Gender Issues

I read with interest Kenny’s comments on the Gender Audit in our Church. (I tried to make a comment there but unfortunately wasn’t able to  so will have to do it here.)

Kenny says: “I am about to start worrying about a movement that seems to want positive discrimination for women. When appointments are made, in this Diocese at least, I know that the best person available is appointed. Because of years and years of discrimination, sometimes the posts require experience and acquired talents which mean that women are sometimes not appointed.”

I am not aware of any movement which seems to want positivie discrimation for women but that may be a Glasgow Diocese thing, so I won’t comment on that.  However, I will comment on Kenny’s next statement that some posts require experience and acquired talents which mean women are not appointed because they haven’t been ordained as long as men. What tosh! I said this at General Synod last year and will say it again… nobody seems to be taking into account transferrable skills which women have brought with them into the church. We may not have been ordained as long as some men but we may bring with us a wealth of talents in business, such as managerial skills, teaching, administration, and a whole host of other skills which can benefit senior positions in the Church. Some of these skills may be far more relevant to senior posts than being a parish priest for however many years you care to mention.  Length of service does not equate to suitability for any post, let alone senior ones.

This is also demeaning to the skills of the laity too. Many women priests will have been lay people in the Church before ordination and may have far more knowledge of the SEC than some men. They may have served on Committees, been Lay Reps, and elected Bishops which again may be more than some male priests have done.

So enough with the waiting for a few years until the imbalance is redressed. There really is no need.

17 thoughts on “Gender Issues

  1. Absolutely agree, and how well you put it. In the south, where the whole thing around women bishops is being debated [‘how shall we accommodate those for whom this is unacceptable’] at every level down to parishes, the democracy of discussion is counter-balanced by an idea that the church should be run as a business, with the over-emphasis on managerial skills at the expense of well-rounded experience [such as you have described]. It would be a great tragedy if the first UK female anglican bishop – outside the SEC – were a paragon of managerial efficiency [some ambitious senior females are of this ilk]. We are looking prayerfully to the SEC to lead the way: not sure where the next vacancy will be, but hope it is open to new ways…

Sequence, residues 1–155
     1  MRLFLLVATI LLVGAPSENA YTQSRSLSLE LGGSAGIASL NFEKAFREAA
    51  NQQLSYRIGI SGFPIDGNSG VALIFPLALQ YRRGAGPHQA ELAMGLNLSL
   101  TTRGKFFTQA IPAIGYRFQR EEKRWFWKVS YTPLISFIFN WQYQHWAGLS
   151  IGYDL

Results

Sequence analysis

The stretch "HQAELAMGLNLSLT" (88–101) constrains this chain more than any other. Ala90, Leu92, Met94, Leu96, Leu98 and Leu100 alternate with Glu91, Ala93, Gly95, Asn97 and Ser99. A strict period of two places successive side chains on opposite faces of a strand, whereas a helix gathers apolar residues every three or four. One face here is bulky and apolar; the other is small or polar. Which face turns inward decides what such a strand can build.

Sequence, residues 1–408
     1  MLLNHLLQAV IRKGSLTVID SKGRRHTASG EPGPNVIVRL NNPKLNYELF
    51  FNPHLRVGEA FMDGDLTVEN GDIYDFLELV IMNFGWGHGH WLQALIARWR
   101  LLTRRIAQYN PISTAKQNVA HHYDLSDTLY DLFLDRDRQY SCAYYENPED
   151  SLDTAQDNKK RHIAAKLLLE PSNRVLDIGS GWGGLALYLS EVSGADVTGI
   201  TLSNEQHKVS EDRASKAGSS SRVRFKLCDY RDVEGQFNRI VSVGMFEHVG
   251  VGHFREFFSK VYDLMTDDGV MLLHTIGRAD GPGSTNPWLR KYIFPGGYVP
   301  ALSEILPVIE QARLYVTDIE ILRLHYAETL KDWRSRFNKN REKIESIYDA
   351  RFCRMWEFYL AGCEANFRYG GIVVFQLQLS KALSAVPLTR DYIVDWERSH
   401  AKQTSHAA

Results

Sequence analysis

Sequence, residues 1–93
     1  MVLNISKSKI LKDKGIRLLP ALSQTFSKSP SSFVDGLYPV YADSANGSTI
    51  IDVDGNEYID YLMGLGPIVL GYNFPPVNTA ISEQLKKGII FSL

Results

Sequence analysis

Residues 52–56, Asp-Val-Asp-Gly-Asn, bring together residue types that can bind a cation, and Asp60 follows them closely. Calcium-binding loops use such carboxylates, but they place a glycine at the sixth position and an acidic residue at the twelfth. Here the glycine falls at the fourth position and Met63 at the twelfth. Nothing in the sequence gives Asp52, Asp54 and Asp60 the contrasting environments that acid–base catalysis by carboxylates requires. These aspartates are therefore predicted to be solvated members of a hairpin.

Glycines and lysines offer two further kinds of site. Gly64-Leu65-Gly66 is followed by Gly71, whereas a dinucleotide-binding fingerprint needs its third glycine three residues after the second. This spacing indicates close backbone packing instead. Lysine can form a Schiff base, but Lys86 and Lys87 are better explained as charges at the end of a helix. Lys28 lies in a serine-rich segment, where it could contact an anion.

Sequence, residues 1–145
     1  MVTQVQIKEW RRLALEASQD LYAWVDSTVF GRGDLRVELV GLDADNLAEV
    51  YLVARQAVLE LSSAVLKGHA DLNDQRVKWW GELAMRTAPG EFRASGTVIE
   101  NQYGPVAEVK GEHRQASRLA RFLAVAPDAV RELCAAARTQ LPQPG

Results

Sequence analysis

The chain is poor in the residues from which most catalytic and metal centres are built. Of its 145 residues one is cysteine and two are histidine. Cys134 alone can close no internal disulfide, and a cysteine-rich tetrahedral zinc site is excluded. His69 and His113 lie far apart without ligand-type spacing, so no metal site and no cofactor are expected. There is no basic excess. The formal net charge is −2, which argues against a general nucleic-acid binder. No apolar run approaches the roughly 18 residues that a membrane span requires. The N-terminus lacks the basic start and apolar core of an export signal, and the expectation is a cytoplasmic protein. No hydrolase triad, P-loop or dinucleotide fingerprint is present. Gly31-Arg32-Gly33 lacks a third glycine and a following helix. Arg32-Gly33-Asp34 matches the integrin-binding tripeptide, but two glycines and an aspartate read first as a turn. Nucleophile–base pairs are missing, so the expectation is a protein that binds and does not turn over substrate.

2. What an odd logic – maybe I am misunderstanding his argument.
    A couple of questions that were raised from reading K’s blog –
    1st question: what is the minimum number of years that would count as ‘experience’ – because it seems to me 16 years is a pretty decent length of time to have gained some idea of what one might be doing….
    2nd question: applying his logic and taking it to its natural conclusion, is there an implication here that women really shouldn’t have been allowed ordination – historically, the Church had no experience of women in this role [discounting some of those pesky Early Church allusions in various of the Epistles, etc], and further, that because women had no experience of being priests it therefore debarred them from becoming priests….?
    Feels a wee bit circular…